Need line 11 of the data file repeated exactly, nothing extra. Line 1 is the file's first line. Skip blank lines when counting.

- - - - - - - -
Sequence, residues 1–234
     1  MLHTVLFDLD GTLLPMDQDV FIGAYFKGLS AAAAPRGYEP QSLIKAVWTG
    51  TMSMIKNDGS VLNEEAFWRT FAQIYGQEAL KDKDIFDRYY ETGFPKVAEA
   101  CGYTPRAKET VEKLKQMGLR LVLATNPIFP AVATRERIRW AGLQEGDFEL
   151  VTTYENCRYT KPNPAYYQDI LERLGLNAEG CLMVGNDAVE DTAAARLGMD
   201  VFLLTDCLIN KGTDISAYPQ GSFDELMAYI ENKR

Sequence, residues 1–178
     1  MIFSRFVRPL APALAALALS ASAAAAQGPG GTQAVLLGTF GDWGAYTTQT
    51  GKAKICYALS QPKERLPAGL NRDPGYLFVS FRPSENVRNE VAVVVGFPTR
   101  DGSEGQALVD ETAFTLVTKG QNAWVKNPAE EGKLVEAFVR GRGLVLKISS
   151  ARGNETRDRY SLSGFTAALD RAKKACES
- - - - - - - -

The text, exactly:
   151  ARGNETRDRY SLSGFTAALD RAKKACES